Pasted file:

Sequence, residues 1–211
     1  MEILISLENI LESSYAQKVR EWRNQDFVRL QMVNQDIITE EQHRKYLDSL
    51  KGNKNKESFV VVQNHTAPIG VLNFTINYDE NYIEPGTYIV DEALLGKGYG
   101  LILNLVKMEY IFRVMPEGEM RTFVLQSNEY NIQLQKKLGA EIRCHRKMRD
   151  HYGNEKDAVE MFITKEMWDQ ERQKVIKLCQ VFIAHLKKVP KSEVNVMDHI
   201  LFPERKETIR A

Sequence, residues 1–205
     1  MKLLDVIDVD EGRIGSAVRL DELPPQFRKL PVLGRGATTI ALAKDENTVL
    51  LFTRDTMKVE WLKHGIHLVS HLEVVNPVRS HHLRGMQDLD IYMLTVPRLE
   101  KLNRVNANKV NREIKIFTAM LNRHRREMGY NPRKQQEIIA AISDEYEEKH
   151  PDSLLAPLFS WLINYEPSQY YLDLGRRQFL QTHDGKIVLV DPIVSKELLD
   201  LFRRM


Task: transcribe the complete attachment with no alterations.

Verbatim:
Sequence, residues 1–211
     1  MEILISLENI LESSYAQKVR EWRNQDFVRL QMVNQDIITE EQHRKYLDSL
    51  KGNKNKESFV VVQNHTAPIG VLNFTINYDE NYIEPGTYIV DEALLGKGYG
   101  LILNLVKMEY IFRVMPEGEM RTFVLQSNEY NIQLQKKLGA EIRCHRKMRD
   151  HYGNEKDAVE MFITKEMWDQ ERQKVIKLCQ VFIAHLKKVP KSEVNVMDHI
   201  LFPERKETIR A

Sequence, residues 1–205
     1  MKLLDVIDVD EGRIGSAVRL DELPPQFRKL PVLGRGATTI ALAKDENTVL
    51  LFTRDTMKVE WLKHGIHLVS HLEVVNPVRS HHLRGMQDLD IYMLTVPRLE
   101  KLNRVNANKV NREIKIFTAM LNRHRREMGY NPRKQQEIIA AISDEYEEKH
   151  PDSLLAPLFS WLINYEPSQY YLDLGRRQFL QTHDGKIVLV DPIVSKELLD
   201  LFRRM